(MENAFN- Asia Times)
JAKARTA – Riot police firing billowing clouds of teargas are being blamed for triggering a stampede at an already emotionally-charged football game in East Java that killed at least 135 people in Indonesia's worst-ever sporting tragedy.
It ranks as the world's second worst football disaster after Peru's Estadio Stadium bloodshed in May 1964 when 328 spectators were killed under similar circumstances after an unpopular decision by the referee exploded into violence.
Teargas also figured in the deaths of 120 people during a stampede in the main stadium in Accra, Ghana in May 2019, but a hailstorm was responsible for what was previously the worst Asian football disaster in Nepal in 1988 that left 90 fans dead.
The shocking events on October 2 unfolded at Malang's over-crowded Kanjuruhan stadium after the local Arema FC team lost 3-2 to bitter rivals Persebaya from the neighboring port city of Surabaya, 96 kilometers to the north.
Media reports say in an example of the tribalism that always generates such heat at Indonesian football matches more than 3,000 disappointed fans invaded the pitch, attacking police and vandalizing facilities.
But when police responded by firing teargas into the stands, hysteria broke out among the 40,000 spectators who made a mad rush for the single exit. Most of the victims died from either asphyxiation or were trampled underfoot.
President Joko Widodo ordered the All-Indonesian Football Association (PSSI) to temporarily suspend the popular Liga 1 competition until officials have evaluated and improved security procedures at the country's grounds.
Political coordinating minister Mahfud MD told reporters that 42,000 tickets were sold for a stadium with a listed capacity of 38,000, but most human rights groups said they believe an excessive use of force led to the disaster.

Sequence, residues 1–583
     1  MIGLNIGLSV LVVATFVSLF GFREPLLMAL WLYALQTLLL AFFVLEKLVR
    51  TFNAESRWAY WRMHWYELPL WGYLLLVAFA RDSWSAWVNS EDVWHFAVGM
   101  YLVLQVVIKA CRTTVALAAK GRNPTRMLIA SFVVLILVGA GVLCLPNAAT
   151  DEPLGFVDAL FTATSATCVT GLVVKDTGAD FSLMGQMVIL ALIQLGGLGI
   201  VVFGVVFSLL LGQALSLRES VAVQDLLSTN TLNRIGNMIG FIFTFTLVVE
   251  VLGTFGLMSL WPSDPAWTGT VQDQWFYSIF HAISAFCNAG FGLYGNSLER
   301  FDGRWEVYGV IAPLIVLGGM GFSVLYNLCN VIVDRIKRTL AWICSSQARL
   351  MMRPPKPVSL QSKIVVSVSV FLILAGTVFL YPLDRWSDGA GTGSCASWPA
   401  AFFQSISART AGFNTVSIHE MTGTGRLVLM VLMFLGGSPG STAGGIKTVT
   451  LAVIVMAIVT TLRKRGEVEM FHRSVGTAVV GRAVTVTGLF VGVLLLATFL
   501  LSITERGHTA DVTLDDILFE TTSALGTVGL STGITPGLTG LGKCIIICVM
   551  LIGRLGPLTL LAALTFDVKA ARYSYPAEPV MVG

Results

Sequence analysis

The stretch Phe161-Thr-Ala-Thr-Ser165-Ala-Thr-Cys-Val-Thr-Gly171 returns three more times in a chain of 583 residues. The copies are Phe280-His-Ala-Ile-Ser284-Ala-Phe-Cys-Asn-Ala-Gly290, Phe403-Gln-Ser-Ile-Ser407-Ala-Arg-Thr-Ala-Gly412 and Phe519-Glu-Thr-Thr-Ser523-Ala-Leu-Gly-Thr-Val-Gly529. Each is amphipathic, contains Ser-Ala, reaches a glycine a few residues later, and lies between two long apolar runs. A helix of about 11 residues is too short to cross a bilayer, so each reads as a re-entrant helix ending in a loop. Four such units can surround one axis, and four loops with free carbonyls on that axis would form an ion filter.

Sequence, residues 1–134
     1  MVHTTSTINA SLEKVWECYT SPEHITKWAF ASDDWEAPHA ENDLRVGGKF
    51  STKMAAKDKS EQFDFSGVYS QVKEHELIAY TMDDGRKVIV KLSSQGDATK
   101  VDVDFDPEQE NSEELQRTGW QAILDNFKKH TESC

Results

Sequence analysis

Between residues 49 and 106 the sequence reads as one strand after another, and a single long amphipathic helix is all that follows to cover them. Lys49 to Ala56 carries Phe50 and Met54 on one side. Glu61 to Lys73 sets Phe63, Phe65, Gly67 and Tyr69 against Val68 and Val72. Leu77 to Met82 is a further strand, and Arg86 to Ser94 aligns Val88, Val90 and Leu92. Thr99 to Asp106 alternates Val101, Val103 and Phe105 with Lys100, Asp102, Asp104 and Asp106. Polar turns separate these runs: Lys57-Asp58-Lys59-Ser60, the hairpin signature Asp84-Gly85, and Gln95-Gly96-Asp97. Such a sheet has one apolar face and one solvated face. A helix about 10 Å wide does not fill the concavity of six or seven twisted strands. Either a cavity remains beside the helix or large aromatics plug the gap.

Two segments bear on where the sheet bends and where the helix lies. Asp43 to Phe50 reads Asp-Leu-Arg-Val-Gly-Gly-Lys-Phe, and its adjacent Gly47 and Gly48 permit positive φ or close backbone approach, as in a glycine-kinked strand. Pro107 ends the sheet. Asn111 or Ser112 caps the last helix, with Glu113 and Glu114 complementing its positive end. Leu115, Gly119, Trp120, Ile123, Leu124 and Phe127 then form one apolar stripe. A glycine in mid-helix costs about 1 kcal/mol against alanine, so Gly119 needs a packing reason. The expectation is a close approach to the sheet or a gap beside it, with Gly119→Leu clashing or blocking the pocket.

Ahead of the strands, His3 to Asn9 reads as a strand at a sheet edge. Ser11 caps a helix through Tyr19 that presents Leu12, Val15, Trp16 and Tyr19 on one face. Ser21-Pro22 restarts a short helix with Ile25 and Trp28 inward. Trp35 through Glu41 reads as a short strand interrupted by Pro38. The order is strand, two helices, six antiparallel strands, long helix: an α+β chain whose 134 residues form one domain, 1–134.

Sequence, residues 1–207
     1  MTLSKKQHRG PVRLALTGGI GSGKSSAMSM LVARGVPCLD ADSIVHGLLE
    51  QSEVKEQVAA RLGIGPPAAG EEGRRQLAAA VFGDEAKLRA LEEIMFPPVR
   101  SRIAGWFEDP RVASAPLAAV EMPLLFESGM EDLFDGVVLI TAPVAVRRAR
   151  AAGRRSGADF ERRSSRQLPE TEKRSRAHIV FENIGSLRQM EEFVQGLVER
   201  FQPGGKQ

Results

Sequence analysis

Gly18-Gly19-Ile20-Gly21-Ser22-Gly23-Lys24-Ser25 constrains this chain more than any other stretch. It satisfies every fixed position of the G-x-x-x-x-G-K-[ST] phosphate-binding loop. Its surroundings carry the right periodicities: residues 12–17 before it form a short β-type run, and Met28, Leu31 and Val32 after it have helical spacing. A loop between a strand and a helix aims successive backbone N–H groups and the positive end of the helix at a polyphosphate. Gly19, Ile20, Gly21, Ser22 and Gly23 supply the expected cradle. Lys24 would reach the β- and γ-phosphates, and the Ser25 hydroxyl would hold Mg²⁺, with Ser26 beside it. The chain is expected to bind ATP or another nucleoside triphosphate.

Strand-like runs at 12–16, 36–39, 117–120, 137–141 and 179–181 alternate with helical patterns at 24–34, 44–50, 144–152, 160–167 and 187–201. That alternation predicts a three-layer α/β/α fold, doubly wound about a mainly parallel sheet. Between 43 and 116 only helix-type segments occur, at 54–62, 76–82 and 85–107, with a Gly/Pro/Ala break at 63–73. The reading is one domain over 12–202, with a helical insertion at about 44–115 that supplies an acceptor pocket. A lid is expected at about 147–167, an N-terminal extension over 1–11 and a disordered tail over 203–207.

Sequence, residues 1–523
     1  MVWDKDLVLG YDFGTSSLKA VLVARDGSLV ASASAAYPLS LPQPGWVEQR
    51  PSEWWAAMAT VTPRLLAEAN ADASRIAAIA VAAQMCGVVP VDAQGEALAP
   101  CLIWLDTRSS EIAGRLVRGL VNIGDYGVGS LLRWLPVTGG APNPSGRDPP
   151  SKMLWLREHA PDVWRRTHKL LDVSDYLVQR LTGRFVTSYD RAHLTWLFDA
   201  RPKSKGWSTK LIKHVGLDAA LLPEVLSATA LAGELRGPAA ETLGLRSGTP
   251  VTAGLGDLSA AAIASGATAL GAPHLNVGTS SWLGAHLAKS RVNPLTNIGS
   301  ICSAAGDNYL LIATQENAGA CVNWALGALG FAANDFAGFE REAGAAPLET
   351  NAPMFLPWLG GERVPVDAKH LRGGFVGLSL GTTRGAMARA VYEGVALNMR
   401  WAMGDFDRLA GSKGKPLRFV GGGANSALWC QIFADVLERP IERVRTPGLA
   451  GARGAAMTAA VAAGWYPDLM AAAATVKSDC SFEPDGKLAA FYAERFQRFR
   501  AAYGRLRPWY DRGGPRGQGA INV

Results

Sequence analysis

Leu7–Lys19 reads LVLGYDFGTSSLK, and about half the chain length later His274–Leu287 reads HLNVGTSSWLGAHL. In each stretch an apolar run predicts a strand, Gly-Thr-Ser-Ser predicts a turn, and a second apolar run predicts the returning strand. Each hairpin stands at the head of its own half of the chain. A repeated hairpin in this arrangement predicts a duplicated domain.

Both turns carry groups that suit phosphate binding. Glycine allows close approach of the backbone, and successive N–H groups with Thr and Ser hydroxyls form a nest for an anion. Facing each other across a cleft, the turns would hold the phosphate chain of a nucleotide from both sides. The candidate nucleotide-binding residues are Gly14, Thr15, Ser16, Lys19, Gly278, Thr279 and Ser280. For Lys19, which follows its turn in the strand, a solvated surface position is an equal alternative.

Stampede victims at the Kanjuruhan Stadium, October 2, 2022. Photo: Screengrab / CNN
FIFA, the world's governing body of association football, prohibits the use of teargas at stadiums in Article 19 (b) of its Stadium Safety and Security Regulations.
Football officials fear that safety concerns may now persuade FIFA to take away Indonesia's right to host the Under-20 World Cup, which is planned for May to July next year.
Reacting to the Malang tragedy, FIFA President Gianni Infantino said in a statement:“This is a dark day or all involved in football and a tragedy beyond comprehension.”
Police are already under a cloud over a sensational case last July in which a two-star general in charge of internal affairs directed the execution of one of his aides for reasons which are still the subject of speculation.
Even sources close to the police are unaware of the motive and say although the general will now stand trial for the murder, they doubt whether the real motive will ever be known.
Riots among rival fans are common in Indonesia, but in recent years there have been few serious incidents. Witnesses say even the Malang game had been played in good spirit until the pitch invasion.
“There should be a priority focus on holding accountable both the police commanders, as well as rank-and-file officers, who decided to fire significant and excessive amounts of teargas,” said Phil Robertson, deputy Asian director of Human Rights Watch, said in a statement.
He also said there was an urgent need for Widodo to establish an independent and impartial investigation to get to the bottom of the tragedy that attracted international headlines as soccer-mad nations prepare for the 2022 World Cup in Qatar in November.
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